What does sea ice do all day?

Dr Adam Steer

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The work and imagery presented in this talk was all made possible by a small and dedicated research team. I am grateful to Dr Tony Worby, Dr Petra Heil, Dr Jan Lieser and Dr Rob Massom for trusting me to run their logistics programs and field sampling. Dr Christopher Watson implanted too many ideas about geodesy and rigour, and helped to conceive a key sea ice surveying project.

Field trips and data collection were supported by the Australian Antarctic Division. Helicopter Resources provided aircraft and very patient pilots, and the crew of the RSV Aurora Australis got us there and back in style.

The RAPPLS project (2007-2012) led by Dr Jan Lieser is the largest-scale airborne survey of East Antarctic pack ice to date. It was the basis for my doctoral research, and work continues with a very small team unpicking a vast dataset - more than 30 000 digital images and thousands of kilometres of LiDAR flights.

Sea ice field work is hard, demanding and expensive... and always the result of long planning efforts from a dedicated team.

Why study sea ice?

Sea ice grows in winter

making super salty cold water

which sinks

and travels along the sea floor

driving global overturning circulation

which helps keep seasons stable

so farmers can tell reliably

when to plant and harvest

barley, hops and grapes.

Sea ice melts in summer

making warm, fresh, water

full of dust and algae

which adds nutrients to the ocean

and draws down a lot of carbon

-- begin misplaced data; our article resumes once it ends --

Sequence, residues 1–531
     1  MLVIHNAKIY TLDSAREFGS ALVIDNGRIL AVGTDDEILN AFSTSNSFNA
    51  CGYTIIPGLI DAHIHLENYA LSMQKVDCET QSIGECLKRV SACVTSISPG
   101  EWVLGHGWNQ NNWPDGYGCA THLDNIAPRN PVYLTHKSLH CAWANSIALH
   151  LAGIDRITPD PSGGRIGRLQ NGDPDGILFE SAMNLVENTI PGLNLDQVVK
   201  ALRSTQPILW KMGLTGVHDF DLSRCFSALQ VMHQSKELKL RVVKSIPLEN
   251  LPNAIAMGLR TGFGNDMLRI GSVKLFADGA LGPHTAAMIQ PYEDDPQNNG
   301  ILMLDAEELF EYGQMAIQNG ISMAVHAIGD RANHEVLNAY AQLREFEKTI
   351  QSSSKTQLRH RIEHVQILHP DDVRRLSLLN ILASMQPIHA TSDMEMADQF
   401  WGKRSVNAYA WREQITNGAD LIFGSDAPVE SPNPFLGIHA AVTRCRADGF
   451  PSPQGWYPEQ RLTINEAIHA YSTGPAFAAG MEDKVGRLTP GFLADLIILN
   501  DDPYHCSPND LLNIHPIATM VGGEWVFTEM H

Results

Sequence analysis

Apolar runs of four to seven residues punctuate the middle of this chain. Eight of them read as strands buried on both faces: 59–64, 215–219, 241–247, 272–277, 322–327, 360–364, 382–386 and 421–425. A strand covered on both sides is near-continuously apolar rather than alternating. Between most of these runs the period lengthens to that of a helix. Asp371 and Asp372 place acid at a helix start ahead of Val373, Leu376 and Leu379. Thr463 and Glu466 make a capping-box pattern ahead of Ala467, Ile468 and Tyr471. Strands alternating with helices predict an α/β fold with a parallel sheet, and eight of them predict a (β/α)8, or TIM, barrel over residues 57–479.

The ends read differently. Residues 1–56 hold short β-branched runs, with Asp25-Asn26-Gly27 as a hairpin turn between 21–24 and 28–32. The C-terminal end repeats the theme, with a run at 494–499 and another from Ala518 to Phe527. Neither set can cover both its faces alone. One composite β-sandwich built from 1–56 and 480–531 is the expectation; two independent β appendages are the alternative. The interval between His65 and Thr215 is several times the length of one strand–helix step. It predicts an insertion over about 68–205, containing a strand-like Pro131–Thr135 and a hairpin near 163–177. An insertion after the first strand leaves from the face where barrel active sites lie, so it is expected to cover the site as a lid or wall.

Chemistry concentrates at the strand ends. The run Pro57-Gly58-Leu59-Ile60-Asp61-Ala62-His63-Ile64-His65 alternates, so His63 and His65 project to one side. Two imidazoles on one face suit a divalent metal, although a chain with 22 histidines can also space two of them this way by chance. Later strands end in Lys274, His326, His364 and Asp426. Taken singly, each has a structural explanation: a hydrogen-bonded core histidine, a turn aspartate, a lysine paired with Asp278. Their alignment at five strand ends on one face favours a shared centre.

which helps keep our atmosphere stable

so farmers can tell reliably

when to plant and harvest

barley, hops and grapes.

We don't know how thick it is!

The scales of sea ice

19 000 000 to 21 000 000 square kilometres of the Southern Ocean are ice-covered every winter.

Australia has about 7 000 000 square kilometres of land.

Measuring sea ice

Yes, it gets personal

Lasers and helicopters

Bridging the human-satellite scale divide

New approaches in the field

Fusing new tech and established practices

Photo from: https://www.whoi.edu/news-release/SeabedAntarctic - collected by the AAD ROV team, 2012

What about supercomputers?

Modelling sea ice

Watch the full video produced at the National Computational Infrastructure

New ways to look at sea ice

Massively scalable analysis

Miao, X., Xie, H., Ackley, S. F., Perovich, D. K., & Ke, C. (2015). Object-based detection of Arctic sea ice and melt ponds using high spatial resolution aerial photographs. Cold Regions Science and Technology, 119, 211-222. DOI: 10.1016/j.coldregions.2015.06.014